I do warn that standards may vary depending on teacher because I bumped into friends attending a trial for older children and they weren’t too impressed.
2) Swimming Class
I am planning to join a group class which a couple of friends with babies younger than Sophia have already been attending for what must have been almost a year. The trainer is supposed to be really good with children and after the swimming session, which the children enjoy and I’m sure Sophia will too since she loves the water, the parents bring out food and drinks and everyone sits down for pot luck and play time. Doesn’t sound like too hard work does it?
3) Music Class
Well, this is potentially hard work as I have unfortunately not come across a toddler music school that I really like but I do see that Sophia really likes music. She is always dancing to music and tapping on tambourines and makeshift drums from tins and boxes so I am keen to find a class that she can enjoy while preserving her option of developing a musical niche for herself in future.
4) The alternative
She stays at home with grandpa after her half day of school and sometimes plays silly games but more often watches DVDs or plays iPad and iPhone games. The classes are so much more engaging right?
Sophia has been into drawing for the longest time but it is only recently that we begin to sort of make out what she is drawing. These days she’e been doing a lot of circles (faces) with 2 dots (eyes) and a line (mouth) inside. She sometimes pre-warns us what sh’e going to draw so we can see it coming. I’m not going to show the “mummy” ones, which, incidentally are the better drawn ones with circles that are quite round and distinct dots and lines, so here’s one of “peh peh” ie uncle or specifically father’s elder brother in hokkien baby-speak. We were quite surprised she would draw “peh peh” because usually its papa, mummy or the grandparents.
Do you remember this magnetic drawing board thing from your own childhood that you write with a pen that had a metallic end and can be cleaned with a swipe of a tab across the board? Like this:
I just got Sophia one of these from a neighbourhood shop and it was such a great decision. Just yesterday when I came back from work she jumped up saying “mama.. mama..” and headed straight for the board. Once she laid hands on it, she started drawing squiggles that look like nothing but curly pig tails mumbling “m..o..m..p..” (basically a sequence of alphabets that didn’t make sense) and proclaiming “Mummy!” We all clapped and said “well done!” and afterwards I demonstrated how mummy is really spelt by writing and saying it out. I hope she’s not actually supposed to get it at 22 months though, because the next time I asked her to write mummy I think she mumbled “m..o..p..q..” and walked off.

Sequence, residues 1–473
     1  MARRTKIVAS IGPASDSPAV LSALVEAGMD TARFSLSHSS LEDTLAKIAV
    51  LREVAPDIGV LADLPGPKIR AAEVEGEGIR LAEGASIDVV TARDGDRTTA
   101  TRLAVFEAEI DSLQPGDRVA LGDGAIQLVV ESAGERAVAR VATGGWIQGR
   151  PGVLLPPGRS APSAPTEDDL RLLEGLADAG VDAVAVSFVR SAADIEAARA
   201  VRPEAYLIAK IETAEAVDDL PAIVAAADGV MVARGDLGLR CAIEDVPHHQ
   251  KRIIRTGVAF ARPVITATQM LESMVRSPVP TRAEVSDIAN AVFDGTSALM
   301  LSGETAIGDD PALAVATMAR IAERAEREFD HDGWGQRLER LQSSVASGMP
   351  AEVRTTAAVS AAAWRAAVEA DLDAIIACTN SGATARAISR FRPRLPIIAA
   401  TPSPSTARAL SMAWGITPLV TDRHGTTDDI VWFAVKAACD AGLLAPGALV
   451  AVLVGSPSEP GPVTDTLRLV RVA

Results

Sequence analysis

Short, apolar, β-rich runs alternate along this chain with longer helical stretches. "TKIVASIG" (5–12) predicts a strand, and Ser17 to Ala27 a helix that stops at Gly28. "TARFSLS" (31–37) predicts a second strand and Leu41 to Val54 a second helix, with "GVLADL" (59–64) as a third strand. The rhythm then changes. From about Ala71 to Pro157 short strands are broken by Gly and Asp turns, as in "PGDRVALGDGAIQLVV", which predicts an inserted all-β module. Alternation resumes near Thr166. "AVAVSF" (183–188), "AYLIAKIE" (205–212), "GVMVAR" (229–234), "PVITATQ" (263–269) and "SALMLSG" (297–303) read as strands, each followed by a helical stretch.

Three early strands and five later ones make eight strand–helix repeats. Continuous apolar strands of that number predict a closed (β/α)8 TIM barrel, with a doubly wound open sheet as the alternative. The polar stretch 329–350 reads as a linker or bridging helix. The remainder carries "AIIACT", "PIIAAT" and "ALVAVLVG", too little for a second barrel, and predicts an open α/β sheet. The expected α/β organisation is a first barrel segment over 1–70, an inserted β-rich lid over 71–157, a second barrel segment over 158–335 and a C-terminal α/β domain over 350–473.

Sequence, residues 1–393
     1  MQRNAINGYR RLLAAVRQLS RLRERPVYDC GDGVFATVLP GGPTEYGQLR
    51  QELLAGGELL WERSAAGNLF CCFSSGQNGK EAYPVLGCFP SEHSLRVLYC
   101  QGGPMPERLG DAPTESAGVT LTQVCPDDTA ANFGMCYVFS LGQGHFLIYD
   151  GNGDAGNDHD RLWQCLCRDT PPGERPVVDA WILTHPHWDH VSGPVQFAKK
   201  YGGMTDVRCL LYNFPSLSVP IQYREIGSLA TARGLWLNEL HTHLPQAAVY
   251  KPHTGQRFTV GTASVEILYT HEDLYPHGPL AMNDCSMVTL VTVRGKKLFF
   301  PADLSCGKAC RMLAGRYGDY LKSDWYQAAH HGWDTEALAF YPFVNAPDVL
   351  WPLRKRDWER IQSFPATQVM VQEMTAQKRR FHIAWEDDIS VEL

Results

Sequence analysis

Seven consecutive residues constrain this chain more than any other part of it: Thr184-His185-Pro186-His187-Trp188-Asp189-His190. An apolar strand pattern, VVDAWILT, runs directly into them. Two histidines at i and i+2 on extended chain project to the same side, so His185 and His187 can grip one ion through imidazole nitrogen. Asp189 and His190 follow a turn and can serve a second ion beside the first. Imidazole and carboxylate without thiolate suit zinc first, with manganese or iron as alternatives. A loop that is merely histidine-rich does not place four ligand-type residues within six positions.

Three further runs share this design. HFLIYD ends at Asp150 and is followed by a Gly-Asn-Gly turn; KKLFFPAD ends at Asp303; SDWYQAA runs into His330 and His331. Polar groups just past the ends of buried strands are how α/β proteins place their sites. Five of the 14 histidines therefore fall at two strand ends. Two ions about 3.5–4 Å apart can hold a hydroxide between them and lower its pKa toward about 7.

Here is Sophia with her mic. I know that looks like a drumstick to you but trust me, it is a fully functioning, voice magnifying microphone perfect for singing into, at least in Sophia’s mind. To the adults, though, it is a stick for playing the glockenspiel. But why should that matter. Next step: to work on actually singing to tune instead of chanting the individual words.
Sophia made this mooncake at school. Nobody really dares to eat it but its cute. She actually made a mooncake before I did. I better get used to the fact that growing up in this day and age and in a much more wealthy (relatively) family than I did, she will have the chance to experience so much more than I ever did, and I WANT her to have the chance to do that.
But this leads me to worry that she may grow up with the entitlement mentality. I was having a discussion with a friend yesterday about primary schools and he suggested that I go for a particular school which I was not very inclined to go for precisely because the typical student from that school will be born with a silver spoon and have the tendency to feel superior because of that. However, my friend reminded me that the reality is it helps for Sophia to have friends who have the backing of a rich and powerful family and hence are likely to succeed. She will find it much easier to reach high places with the help of such contacts. True and it is tempting but if Sophia turns out to have the superiority complex then I will be so disappointed with her.
There are so many choices that I will have to make for Sophia while she is young, and I pray for the wisdom to make those choices that will help her grow but not make her head swell. Not easy at all.